If you happened to be driving down Hubbard Avenue or Williams Street in Pittsfield on Friday night at about 10:00 or so, and you saw a bright red scooter being driven very slowly by a guy that looked like he didn’t belong on anything with two wheels and a motor, it was likely me.  

So, let me back up a bit. Sadly, my stepdad passed away in March. It was very sad and I miss him a lot. After all the grieving, as the trustee of his estate, I had the responsibility of getting his house cleaned out and getting it ready to go on the market. If you’ve ever had to do that, you know that it is physically draining, but I digress.  

When it came time to decide what to do with my stepdad’s two scooters, I wasn’t at first considering keeping one of them. However, as it turns out, I eventually settled on doing just that. One of the scooters, a 49-cc motorcycle-size bike, was a bit older and a bit beat up, so I decided I would sell that one rather than trying to get it repaired. I decided to keep the smaller of the two, a Zoom electric scooter that gets up to maybe 35 MPH tops and runs silently. It was much more my speed.  

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On Friday night last week, I decided that I would drive the scooter home. The only problem is, I’ve never driven a scooter before. How hard could it be, right? I didn’t know it, but I was about to head out on a ride that I would not soon forget.  

I figured out where everything was... the ignition, lights, blinkers, throttle, and most importantly, the breaks. Then I put up the kickstand and got ready to ride. I first took a ride around the neighborhood to make sure I could get my balance. I pretty much got that right away, sort of like riding a bike. The throttle, as it turned out, was very sensitive. More on that later.  

After a few times up and down the street, I decided I was ready to head out into traffic. So, I strapped on my helmet with the visor up and headed out with no idea what was ahead. My wife, Marianne told me that she would drive behind me the entire 5 miles back to our house. And she did mostly.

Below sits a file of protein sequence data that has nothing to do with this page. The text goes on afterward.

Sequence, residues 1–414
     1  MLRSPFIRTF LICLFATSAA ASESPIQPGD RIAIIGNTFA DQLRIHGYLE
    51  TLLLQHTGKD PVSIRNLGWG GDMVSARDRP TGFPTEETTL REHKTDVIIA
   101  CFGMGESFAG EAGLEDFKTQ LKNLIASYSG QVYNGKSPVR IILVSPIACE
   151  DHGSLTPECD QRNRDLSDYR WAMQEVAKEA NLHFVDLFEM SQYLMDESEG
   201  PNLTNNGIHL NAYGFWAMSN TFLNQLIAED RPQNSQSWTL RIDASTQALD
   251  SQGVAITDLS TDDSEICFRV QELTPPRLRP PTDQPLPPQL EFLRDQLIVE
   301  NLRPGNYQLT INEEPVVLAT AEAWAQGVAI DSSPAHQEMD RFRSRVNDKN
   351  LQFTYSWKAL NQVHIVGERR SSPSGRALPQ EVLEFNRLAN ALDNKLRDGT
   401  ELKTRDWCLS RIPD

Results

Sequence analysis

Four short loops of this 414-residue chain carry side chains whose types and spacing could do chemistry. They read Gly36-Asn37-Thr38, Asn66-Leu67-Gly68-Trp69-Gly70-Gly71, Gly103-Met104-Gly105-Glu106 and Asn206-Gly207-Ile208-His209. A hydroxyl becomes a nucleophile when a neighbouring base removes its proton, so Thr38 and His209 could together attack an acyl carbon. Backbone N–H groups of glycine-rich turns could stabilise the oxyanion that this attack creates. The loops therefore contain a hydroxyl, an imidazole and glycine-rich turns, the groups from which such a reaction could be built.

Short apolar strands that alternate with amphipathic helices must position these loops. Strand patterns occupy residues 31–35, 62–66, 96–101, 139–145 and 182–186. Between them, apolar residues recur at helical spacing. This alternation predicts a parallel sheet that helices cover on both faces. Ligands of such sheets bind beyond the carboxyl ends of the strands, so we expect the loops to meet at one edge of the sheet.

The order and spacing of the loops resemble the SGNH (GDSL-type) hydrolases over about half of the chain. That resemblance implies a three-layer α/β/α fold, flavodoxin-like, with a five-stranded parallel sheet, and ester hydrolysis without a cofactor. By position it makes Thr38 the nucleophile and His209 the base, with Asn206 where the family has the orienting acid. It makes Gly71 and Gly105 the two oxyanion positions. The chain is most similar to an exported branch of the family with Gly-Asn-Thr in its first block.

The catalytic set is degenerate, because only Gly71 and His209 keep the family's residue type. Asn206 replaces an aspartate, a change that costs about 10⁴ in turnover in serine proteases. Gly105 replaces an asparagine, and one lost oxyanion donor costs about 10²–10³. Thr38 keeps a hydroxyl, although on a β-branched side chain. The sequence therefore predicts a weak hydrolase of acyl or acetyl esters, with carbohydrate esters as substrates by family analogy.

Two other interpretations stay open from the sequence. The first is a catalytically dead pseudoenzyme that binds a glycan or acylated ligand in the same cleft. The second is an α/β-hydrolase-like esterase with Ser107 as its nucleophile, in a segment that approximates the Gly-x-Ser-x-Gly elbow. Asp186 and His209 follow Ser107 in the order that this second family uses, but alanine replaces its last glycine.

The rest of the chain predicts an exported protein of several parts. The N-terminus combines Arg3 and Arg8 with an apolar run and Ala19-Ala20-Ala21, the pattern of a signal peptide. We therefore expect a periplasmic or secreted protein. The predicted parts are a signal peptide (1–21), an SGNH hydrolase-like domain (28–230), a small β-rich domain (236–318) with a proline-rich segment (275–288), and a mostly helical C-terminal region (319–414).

I was zipping along at a blistering 20 MPH on Hubbard Avenue when I realized that I was doing pretty well, so I figured I would try to kick it into second gear. I reached for what I thought was the gear button. I pushed it to the right, hit the throttle, and waited for the booster rockets to kick in. They didn’t. Obviously, I was hitting the wrong button. I eventually discovered that I had turned my headlamps off. I quickly turned them back on. After futzing about for a while, I finally somehow got it up to a riveting 25 MPH. I was really moving now. Apart from turning on my hazards every other time I tried to turn on my turn signal, I did alright control-wise going forward.

When I was about halfway home, of course, it started to rain. And here I am going 25 MPH about three miles from home yet. There was nothing I could do about the rain, so I concentrated on driving. I finally made it to a traffic light on Crofut Street, about a half-mile from my house, when I decided to put my visor down. That turned out to be a mistake. It completely fogged up and I couldn’t see anything. “I better put it back up,” I thought to myself. However, I couldn’t get it to go back up – and the light had just turned green. Ack! So, I had to take off the helmet and, in the process, took off my glasses along with it. I quickly put on my glasses, held the helmet by the strap, and proceeded home. It was still raining and now I was really getting wet. Just then... my street appeared. I drove the last few hundred feet or so and made it safely into my driveway. I felt very fortunate and relieved.  



I proudly dismounted the bike and reach to turn the ignition off. Just then, I somehow hit the throttle and the bike started to take off. I reached for it. The bike and I both fell to the ground. I got up wondering who may have seen my little stunt. Maybe no one. Lesson learned. Next time, if there is one, the igniting gets turned off before I get off the bike.  

I’m going to need some practice! 


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